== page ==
- Spiral: A simple spiral represents the start of something new. Its shape is inspired not by a whirlpool or gust of wind, but by the shape of a new leaf that has yet to unfurl.
- Twisted Loop: These loops look a little like an infinity symbol that is heavier on one side. They have the same meaning, as well—the infinite path of life. If the loop has more than one twist, it takes on a different meaning. It represents the cooperation of two or more parties unifying for life. This can represent marriage, friendship, or an alliance between families.
- Turtle: Turtles—especially their shells—represent eternity, health, harmony, and family. A common phrase is that turtles can’t die—they can only be killed. As long as they aren’t eaten by sharks, hit by boats, tangled in plastic, or struck by poison, they can literally live forever. There are some recordings of turtles living for centuries. So, they live even longer than humans! It’s no wonder that they represent eternal life and health.
- Teeth: Used as a kind of filler or border, rows of sharp triangles represent shark teeth. If the triangles are tiny compared to the size of the bar, then it represents whale teeth instead. They represent strength, courage, and wisdom.
- Scales: Instead of using teeth, some artists will use fish scales instead. Scales represent prosperity, wealth, and health. As with teeth, there are many different designs that have different scale shapes. They all have similar meanings.
- Enata: The Enata represents humans and gods. It is often used to represent the self. Combining it with other tattoos, such as twisted loops, creates a story about the subject. A reversed enata represents an adversary or enemy. Sometimes, people only get half of the Enata tattooed. This rainbow-like design represents the sky and gods protecting their children.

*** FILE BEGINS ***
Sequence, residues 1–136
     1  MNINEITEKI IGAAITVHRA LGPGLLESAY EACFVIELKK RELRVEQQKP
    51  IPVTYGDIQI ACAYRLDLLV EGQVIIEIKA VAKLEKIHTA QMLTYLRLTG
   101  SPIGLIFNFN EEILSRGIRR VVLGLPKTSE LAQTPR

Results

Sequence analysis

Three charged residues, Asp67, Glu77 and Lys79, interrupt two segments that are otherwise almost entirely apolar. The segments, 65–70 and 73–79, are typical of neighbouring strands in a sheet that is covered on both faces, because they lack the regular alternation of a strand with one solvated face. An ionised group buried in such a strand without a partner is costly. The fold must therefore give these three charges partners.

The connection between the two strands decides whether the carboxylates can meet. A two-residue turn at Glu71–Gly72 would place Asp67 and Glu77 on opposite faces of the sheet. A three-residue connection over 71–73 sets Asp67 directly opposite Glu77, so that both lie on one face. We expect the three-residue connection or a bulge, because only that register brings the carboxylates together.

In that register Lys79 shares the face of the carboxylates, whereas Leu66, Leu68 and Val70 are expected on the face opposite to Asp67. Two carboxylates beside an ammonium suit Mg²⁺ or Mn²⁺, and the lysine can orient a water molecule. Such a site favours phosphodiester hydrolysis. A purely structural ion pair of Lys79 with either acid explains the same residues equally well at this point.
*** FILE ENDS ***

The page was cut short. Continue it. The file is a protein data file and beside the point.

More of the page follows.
- Marquesas Cross: This tattoo represents balance. Originally pulled from a turtle shell, some people use it as an alternative cross design for the Christian cross. It’s a little ironic, considering the tattoo’s true origin. It looks incredibly similar to some traditional lizard designs—the only way to distinguish them is to check and see if the cross has a head and tail somewhere! It remains a popular Maori tattoo thanks to its original meaning—balance, harmony, and equilibrium.
As you can see, you can layer tattoos to have your own cover take on many different meanings or tell a story. It’s common for Maori tattoos to cover many large parts of the body, so picking out one specific meaning isn’t a priority. If you’re looking for a tattoo design for yourself, go ahead and pick out one that resonates with you the most. You can expand on it later. If you’re looking at the tattoo designs of others, go ahead and enjoy the rest of the articles at InkDoneRight! We have tons of stories about the history of tattoos and galleries of tattoo designs with all sorts of themes.
As always, thanks for reading!
Cover Model: Melissa Koller